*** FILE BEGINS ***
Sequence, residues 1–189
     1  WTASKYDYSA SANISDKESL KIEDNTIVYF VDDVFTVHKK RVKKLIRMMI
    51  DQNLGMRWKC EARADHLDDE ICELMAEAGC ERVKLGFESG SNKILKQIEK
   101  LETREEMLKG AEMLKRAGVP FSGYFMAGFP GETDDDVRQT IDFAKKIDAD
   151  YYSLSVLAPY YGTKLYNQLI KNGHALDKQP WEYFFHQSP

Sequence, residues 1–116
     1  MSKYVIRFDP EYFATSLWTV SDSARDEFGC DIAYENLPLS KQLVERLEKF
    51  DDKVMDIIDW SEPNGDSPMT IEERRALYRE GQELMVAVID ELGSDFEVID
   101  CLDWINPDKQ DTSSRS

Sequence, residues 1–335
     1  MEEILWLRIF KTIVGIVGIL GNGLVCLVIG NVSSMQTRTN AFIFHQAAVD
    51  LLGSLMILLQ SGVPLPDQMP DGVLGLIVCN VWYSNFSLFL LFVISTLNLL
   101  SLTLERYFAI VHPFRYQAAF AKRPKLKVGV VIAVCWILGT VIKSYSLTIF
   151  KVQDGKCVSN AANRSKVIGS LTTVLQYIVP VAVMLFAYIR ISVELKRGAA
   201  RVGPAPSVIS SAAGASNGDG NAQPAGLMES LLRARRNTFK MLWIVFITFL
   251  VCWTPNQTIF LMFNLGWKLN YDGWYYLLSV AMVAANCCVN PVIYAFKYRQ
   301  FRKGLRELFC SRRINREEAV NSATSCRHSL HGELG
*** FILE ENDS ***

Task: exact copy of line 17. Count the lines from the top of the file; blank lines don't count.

   301  FRKGLRELFC SRRINREEAV NSATSCRHSL HGELG